Why you need to protect your chiller from surge conditions.
As the true work horses of a district cooling system, chillers are very good at extracting the heat from buildings in very large quantities. If the overall heat transfer process variables venture outside the chiller design limits, the chillers can experience a dangerous condition called surge which can cause extensive damage to the chiller.
What is Chiller Surge?
Chillers are designed to meet specific system requirements and operating conditions. With proper maintenance and operation within design limits, a properly sized and selected chiller will not surge. Generally, two pressures exist in a chiller system: the evaporating (low) pressure and the condensing (high) pressure. The chiller compressor suctions the refrigerant from the low-pressure evaporator and discharges it into the high-pressure condenser. The difference between the compressor suction and discharge pressures is called lift. Chiller surge is a condition in which the compressor pressure differential, or lift, is greater than design and refrigerant flows in reverse from the condenser back to the compressor, which can lead to severe chiller damage. Surge is easily identifiable by a loud, distinctive squealing sound, as well as a fluctuation in compressor amp draw.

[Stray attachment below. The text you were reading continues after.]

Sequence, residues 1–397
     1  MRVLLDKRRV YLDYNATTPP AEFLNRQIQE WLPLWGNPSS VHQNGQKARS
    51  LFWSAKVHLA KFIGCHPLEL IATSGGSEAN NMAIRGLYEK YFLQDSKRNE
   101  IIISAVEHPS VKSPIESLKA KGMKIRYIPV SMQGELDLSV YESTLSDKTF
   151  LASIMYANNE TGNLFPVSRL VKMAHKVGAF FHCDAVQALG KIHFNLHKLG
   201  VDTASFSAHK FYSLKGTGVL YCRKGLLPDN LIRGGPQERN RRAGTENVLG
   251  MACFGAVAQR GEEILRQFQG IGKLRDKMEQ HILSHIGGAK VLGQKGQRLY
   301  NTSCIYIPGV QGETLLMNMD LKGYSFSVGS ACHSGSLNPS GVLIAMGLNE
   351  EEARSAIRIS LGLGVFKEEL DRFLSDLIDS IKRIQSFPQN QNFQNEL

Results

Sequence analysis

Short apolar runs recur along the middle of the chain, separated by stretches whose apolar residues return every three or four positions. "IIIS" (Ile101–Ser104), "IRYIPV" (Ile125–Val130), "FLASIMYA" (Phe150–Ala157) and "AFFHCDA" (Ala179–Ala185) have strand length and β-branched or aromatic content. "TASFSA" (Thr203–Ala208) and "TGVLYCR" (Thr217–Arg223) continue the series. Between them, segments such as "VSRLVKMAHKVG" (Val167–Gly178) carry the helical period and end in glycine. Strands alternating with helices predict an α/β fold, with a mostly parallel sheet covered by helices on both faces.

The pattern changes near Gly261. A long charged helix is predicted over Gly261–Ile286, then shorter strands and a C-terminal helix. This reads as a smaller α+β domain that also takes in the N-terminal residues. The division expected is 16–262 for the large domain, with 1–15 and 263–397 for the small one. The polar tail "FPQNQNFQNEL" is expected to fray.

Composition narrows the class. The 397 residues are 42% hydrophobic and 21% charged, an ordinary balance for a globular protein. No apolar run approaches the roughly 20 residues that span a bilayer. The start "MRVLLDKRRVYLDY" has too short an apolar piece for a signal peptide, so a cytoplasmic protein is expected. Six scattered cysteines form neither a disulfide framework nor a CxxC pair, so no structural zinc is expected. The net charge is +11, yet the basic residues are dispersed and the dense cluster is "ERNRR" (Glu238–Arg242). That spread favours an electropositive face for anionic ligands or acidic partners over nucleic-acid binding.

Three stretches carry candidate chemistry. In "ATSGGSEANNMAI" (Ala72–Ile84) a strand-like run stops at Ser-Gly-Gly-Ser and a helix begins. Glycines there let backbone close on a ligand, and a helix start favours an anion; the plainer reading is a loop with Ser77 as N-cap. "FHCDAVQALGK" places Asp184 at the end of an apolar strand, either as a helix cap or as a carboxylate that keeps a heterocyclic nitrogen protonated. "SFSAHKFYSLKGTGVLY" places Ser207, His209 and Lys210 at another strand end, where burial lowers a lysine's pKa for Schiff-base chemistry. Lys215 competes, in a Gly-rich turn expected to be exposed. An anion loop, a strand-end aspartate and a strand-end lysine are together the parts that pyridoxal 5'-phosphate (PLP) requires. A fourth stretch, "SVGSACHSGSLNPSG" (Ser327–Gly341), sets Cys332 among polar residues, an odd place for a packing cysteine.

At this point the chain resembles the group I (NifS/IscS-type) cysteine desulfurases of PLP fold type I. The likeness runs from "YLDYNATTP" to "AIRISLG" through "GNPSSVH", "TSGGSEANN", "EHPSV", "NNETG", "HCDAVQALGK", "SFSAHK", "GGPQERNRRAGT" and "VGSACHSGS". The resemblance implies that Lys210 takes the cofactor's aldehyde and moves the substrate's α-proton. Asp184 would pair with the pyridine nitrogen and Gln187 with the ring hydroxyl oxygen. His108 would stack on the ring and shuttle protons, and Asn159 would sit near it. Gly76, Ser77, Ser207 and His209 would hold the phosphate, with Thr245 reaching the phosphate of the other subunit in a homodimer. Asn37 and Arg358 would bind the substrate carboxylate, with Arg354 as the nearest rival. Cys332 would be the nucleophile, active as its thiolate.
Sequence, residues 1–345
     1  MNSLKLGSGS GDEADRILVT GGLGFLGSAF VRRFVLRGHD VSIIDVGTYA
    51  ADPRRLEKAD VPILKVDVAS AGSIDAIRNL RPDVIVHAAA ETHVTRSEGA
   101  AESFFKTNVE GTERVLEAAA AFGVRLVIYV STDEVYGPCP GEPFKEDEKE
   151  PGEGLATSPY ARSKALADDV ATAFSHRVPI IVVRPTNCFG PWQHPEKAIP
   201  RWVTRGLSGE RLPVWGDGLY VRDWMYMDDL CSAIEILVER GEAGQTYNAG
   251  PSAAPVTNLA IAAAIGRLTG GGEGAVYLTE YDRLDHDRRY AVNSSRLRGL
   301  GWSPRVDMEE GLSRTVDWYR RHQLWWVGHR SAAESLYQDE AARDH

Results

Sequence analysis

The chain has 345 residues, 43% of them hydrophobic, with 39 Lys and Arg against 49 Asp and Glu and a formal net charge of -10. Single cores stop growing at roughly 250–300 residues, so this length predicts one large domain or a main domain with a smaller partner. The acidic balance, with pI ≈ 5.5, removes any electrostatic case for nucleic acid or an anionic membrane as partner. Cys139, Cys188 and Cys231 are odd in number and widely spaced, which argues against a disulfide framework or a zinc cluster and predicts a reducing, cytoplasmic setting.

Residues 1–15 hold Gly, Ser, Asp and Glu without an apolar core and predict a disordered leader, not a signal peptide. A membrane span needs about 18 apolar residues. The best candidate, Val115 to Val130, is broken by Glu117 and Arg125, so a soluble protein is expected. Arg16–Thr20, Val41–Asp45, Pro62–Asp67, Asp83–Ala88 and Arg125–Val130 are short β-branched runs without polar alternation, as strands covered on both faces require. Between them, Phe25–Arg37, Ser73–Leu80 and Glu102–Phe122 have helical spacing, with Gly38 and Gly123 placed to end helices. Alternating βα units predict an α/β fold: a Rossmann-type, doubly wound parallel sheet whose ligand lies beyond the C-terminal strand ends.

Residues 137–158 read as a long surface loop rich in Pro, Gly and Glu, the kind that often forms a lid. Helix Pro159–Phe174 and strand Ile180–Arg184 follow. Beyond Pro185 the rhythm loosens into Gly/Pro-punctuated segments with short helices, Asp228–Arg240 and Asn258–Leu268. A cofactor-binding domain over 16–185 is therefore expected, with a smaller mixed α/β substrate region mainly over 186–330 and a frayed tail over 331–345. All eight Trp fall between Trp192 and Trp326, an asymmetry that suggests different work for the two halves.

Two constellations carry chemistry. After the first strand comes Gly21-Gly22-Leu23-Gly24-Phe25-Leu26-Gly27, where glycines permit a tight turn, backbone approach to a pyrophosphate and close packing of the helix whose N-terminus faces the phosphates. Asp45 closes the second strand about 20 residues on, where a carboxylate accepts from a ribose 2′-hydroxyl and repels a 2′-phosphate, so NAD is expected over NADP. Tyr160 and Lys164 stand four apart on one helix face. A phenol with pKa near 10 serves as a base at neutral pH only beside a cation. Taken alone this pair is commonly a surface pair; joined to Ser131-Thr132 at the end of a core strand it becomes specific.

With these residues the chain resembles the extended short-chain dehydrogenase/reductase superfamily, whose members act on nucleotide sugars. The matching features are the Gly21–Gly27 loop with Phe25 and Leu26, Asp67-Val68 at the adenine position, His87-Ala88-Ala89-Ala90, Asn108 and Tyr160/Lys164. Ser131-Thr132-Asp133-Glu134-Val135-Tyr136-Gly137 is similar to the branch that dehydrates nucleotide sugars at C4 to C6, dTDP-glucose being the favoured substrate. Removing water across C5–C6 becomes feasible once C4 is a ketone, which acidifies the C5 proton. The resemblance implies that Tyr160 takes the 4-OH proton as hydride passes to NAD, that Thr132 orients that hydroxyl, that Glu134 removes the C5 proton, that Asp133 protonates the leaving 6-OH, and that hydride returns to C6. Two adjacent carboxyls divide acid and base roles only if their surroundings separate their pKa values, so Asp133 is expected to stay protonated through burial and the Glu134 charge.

What causes too much lift?
A number of things can cause too much compressor lift and chiller surge. Surge can often be attributed to common maintenance issues including fouled tubes, low refrigerant charge, or non-condensables in the refrigerant. Fouled condenser tubes are a common problem and will decrease the chiller’s ability to get rid of the heat, causing condenser pressure to increase. This condition will always result in inefficient chiller operation, and severe tube fouling can cause chiller surge.
Not enough load, or low chilled water return temperature, will cause the evaporator pressure to fall below design limits since the compressor is still pulling suction on the refrigerant vapor. If condenser pressure remains constant, the low evaporator pressure will also cause too much lift and surge will occur.
Another cause of surge can be from the chiller itself. A low refrigerant level will cause low evaporator pressure while too much non-compressible gas in the refrigerant will cause high condenser pressure, creating high lift and possible surge conditions.
How do you prevent chiller surge?
The way to protect a chiller from surge is to decrease the compressor lift being required. Chiller tube fouling can be prevented by utilizing automatic tube cleaning systems and water treatment programs to prevent chiller tube fouling and ensure heat transfer is optimized.
Low load issues (surge issues) can be avoided or corrected with variable frequency drives VFDs utilized on the compressor motor to modulate compressor speed during low-load conditions.
Proper refrigerant system maintenance to ensure refrigerant charge is within design limits and incondensable gases are not accumulating in the system will also help prevent surge conditions.